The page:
As your child(ren) grow up and mature, so do their needs. This can result in the necessary modification of court ordered support from one or both parents.
When are you able to modify child support?
Generally, in Florida, the non-custodial parent must pay child support to the custodial parent to benefit the child(ren). This support obligation generally terminates when the child turns 18 years old, but extends through the child’s date of graduation from high school if the child has a reasonable expectation of graduating prior to their 19th birthday.
Child support is always modifiable as long as a substantial change in circumstances can be proven. A substantial change in circumstances requires evidence that the change meets all of the following requirements:
- permanent in nature
Additionally, this change should not have been foreseeable at the time the original child support was calculated and ordered.
Common Changes in Circumstances
So, by now you’re probably wondering what a substantial change in circumstances realistically entails. Well, it can encompass a wide range of scenarios, but a few common changes include a change in income for either parent, adjustments to timesharing, and changes in other expenses for the child(ren) such as daycare or healthcare costs.
Regarding income, change can consist of either a substantial increase or decrease in what one parent was previously earning. In order to constitute a significant change in circumstances, the modified income must result in the child support obligation being altered by 15% or $50, whichever amount is greater (see 61.30 1(b), Florida Statutes).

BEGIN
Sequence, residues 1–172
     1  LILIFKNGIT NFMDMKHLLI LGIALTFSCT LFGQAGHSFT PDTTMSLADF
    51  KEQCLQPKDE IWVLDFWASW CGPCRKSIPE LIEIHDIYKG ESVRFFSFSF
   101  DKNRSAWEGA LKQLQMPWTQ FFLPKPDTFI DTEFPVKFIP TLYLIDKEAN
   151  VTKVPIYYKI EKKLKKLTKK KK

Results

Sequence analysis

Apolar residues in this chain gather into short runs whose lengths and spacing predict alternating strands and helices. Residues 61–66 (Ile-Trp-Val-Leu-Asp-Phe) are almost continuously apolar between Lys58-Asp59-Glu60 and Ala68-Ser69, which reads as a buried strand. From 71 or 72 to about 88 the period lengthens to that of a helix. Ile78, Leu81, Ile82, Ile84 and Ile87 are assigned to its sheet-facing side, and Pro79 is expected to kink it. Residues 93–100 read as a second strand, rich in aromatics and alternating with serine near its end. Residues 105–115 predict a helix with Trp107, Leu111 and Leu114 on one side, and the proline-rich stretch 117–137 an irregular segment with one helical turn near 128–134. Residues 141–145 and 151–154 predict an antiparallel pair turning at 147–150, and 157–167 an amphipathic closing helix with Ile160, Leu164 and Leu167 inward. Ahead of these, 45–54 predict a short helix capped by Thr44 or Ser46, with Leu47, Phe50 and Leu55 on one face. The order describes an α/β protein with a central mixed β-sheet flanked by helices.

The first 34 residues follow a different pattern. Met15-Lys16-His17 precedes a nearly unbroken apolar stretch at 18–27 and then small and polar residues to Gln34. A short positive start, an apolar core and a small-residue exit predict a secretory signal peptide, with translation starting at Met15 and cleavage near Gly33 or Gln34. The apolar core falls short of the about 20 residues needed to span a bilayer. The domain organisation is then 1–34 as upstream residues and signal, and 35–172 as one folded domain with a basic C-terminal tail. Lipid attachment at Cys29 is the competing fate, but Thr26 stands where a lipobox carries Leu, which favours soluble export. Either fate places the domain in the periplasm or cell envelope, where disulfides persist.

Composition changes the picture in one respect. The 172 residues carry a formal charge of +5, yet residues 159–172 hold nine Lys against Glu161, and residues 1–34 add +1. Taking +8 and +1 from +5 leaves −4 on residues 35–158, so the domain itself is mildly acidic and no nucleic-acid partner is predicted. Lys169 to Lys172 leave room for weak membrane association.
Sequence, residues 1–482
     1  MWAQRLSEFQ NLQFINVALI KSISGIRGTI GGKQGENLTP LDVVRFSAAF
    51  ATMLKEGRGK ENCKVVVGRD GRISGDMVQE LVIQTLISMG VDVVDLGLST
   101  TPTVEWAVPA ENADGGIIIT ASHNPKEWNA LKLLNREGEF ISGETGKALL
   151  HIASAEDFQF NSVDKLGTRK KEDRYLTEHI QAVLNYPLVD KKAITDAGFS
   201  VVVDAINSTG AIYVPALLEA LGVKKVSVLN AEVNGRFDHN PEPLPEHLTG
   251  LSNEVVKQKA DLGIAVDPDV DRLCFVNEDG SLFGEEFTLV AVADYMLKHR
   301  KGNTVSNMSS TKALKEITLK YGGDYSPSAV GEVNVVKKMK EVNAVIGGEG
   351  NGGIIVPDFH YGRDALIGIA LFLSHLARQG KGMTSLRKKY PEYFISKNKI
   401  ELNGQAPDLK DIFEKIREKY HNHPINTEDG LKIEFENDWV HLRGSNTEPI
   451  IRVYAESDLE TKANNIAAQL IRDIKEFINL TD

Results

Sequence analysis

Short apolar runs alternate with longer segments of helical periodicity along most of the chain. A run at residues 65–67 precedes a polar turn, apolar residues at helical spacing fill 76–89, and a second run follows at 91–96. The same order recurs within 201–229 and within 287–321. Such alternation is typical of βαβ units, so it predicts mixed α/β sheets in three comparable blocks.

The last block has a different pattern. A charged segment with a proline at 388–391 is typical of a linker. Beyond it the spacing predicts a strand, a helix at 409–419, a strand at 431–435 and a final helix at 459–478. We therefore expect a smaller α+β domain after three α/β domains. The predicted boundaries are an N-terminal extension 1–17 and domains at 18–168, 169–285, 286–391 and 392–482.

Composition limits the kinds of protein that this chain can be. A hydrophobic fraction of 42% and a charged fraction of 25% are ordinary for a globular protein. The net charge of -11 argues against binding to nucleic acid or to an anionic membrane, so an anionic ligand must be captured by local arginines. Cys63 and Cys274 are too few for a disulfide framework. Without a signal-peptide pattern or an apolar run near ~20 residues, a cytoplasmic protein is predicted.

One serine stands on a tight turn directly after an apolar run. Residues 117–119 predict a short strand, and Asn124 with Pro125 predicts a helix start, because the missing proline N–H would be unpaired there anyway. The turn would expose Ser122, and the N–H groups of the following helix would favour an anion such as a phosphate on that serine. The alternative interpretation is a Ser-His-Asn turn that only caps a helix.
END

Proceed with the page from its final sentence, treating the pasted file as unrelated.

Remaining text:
Child support may also need to be modified whenever a parenting schedule is revised. This is because timesharing directly impacts each parent’s support obligation. Significant timesharing by the payor will help reduce the payor’s monthly support obligation (see 61.30 (11) b, Florida Statutes). Conversely, the failure to exercise timesharing will increase the payor’s support obligation (see 61.30 (11) c, Florida Statutes).
Cost of Care Changes
Common changes involving costs attributable to the child(ren) that may require modification include changes to daycare and after-school care costs for the child(ren), and can also include changes to health insurance coverage costs for the child(ren). The cost of extracurricular activities of the child(ren), while not authorized by statutory authority, also commonly drive negotiations when support is being modified.
When to Get Counsel
No matter what kind of situation you find yourself in when exploring the possibility of modifying child support, you will want to consult with an attorney that is well versed in the laws set forth in Chapter 61.30, Florida Statutes.
The Family Law lawyers at Thompson, Crawford, Brown and Smiley each have over thirty years of experience helping their clients successfully negotiate this complex legal maze.
If you’d like a free consultation to discuss, please call us at 850-386-5777 or reach us through our Contact Form.